Unlike the bohemian and esoteric pleasures of ARG-ing this is a swift popular movement of millions of people joining the game. It’s huge! I expect it to very rapidly become a placeholder or touchstone for people’s fears and dreams about technology. We will see a sort of mythos develop around it like the way you can see nuances and divisions in how people approach the idea of Minecraft. Something that they use as a container for the idea that young people these days, or whoever, aren’t properly politically engaged or doing the correct things or are sheep following pop culture; and/or an activity that is frightening, incomprehensible, t hat makes us vulnerable; and/or a social technology that could unlock something like the collaborative power of flash mobs.

The first attempt to make a game like this I am aware of was called “Pod” (annoyingly hard to Google) in the early/mid 90s. It was a small handheld device, like a tamagotchi gadget, on which you could collect parts to build little insectoid robots. In theory you would come across other Pod players in the real world at random and could trade parts in order to evolve your robo-insect things. I don’t remember how they communicated with each other. I only came across a random stranger to trade Pod pieces with once, in a mall in San Jose, after many months of carrying it around. The Pod was supposed to somehow be educational about the idea of Darwinian evolution! At the time this game was very exciting, but it didn’t pan out.

Anyway, we aren’t yet all walking around wearing dystopian headsets but I expect more AR overlays to come, maybe historical details so you can step through time on the map where you’re walking, maybe layers that are more artistically complex (though ludic complexity is also art!) or overtly political.

Six month celebration: Sojourner!

This may look like just a badge in a silly game, and that’s what it is. The “Sojourner” platinum badge in Ingress, for hacking a portal once per day over continuous days without interruption.


Within 24 hours I have to get to a place in real world geography, where there is an Ingress “portal”, a game location you can only affect if you are within 50 meters of it by geolocation services. For me that means I go one block away from my house, in either direction, either up the hill to the Good Prospect Community Garden, or to the corner on Mission to “No Temas, El Señor Está Contigo” which is a mural on the front of a tiny local storefront church.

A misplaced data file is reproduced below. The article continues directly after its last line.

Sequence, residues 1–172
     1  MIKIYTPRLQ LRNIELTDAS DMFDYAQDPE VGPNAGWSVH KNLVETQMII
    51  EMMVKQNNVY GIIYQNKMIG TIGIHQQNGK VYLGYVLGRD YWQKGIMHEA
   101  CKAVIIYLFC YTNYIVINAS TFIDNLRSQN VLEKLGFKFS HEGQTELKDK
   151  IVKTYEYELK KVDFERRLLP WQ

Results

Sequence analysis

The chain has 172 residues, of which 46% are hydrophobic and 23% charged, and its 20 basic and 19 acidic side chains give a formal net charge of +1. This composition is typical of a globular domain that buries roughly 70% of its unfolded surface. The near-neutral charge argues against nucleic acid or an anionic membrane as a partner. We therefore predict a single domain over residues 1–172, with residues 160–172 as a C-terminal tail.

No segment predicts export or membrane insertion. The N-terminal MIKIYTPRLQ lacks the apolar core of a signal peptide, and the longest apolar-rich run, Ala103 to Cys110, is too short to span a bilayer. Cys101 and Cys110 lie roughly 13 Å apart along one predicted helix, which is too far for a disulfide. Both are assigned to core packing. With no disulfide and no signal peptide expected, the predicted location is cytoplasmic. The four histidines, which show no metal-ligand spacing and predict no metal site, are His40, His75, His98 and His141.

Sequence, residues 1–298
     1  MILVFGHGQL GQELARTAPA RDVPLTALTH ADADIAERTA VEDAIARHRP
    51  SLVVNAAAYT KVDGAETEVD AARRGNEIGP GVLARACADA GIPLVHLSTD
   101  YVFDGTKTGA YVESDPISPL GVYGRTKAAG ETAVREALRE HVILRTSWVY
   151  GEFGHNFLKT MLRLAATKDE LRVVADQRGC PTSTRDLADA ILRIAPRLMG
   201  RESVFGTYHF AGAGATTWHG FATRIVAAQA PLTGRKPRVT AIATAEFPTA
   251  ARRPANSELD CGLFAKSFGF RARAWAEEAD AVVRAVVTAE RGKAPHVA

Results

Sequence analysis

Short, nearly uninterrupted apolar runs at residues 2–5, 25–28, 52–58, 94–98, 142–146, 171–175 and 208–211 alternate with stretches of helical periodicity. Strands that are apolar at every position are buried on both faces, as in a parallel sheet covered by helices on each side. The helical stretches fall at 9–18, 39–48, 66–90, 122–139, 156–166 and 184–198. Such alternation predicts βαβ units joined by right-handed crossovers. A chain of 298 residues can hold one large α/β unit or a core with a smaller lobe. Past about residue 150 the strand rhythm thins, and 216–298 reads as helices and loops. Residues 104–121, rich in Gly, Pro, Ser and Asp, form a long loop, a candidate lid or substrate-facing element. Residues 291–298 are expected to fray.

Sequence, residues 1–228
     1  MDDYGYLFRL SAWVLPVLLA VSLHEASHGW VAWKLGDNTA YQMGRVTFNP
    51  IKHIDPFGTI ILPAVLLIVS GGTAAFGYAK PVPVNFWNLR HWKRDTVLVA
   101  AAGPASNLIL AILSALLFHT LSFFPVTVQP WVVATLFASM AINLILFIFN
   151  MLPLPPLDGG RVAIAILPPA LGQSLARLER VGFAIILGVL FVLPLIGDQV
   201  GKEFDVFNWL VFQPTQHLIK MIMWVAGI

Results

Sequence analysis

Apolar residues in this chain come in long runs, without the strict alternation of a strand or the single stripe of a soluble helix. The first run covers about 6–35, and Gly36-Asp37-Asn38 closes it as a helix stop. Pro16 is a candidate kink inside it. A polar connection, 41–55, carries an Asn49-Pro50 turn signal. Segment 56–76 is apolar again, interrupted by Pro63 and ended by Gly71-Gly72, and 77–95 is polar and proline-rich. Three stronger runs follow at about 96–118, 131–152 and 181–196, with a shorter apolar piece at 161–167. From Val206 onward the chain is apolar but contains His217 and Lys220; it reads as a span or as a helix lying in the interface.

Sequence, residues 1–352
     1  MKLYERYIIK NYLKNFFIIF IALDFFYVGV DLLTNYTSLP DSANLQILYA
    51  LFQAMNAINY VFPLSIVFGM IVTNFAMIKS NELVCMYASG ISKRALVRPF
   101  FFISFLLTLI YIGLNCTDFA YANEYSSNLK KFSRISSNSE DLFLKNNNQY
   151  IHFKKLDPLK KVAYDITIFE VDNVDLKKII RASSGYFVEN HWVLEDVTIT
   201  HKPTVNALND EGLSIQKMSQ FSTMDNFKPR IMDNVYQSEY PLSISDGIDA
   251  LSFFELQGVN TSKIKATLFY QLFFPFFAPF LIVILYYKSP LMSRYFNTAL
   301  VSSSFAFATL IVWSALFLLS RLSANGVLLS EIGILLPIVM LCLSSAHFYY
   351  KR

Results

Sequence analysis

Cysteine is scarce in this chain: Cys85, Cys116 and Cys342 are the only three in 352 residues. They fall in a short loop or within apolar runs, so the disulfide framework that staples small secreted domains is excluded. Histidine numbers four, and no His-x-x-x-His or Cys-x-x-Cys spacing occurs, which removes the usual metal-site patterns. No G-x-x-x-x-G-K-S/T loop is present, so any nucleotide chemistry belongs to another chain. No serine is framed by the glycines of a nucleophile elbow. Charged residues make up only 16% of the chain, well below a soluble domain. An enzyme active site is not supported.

So to me, my Sojourner badge for hacking a portal every day for 180 days, is also a beautiful marker that I have been mobile and healthy enough to leave the house every single day for the last six months. I’ve been looking forward to this milestone! If I “failed”, it is okay, it means I was very ill, or not physically able to get up and down the stairs, and that happens and it’s not always under my control. (And that will happen again, I’m not getting any younger. ) Some days, it has been a case of “OMG, it’s raining, and cold, and I don’t feel well, but…. I could still make it to the corner and back on my scooter”. The badge motivated me that little bit.

It feels like a nice moment of celebration anyway, I am happy that I’m at this level of ability and mobility. It also take confidence to leave the house by myself when I am at low points. I talked over the idea of “leaving the house every day” as a measure of quality of life for myself, last year with my super nice therapist who works with people with chronic pain and disability. I feel satisfied with myself and proud.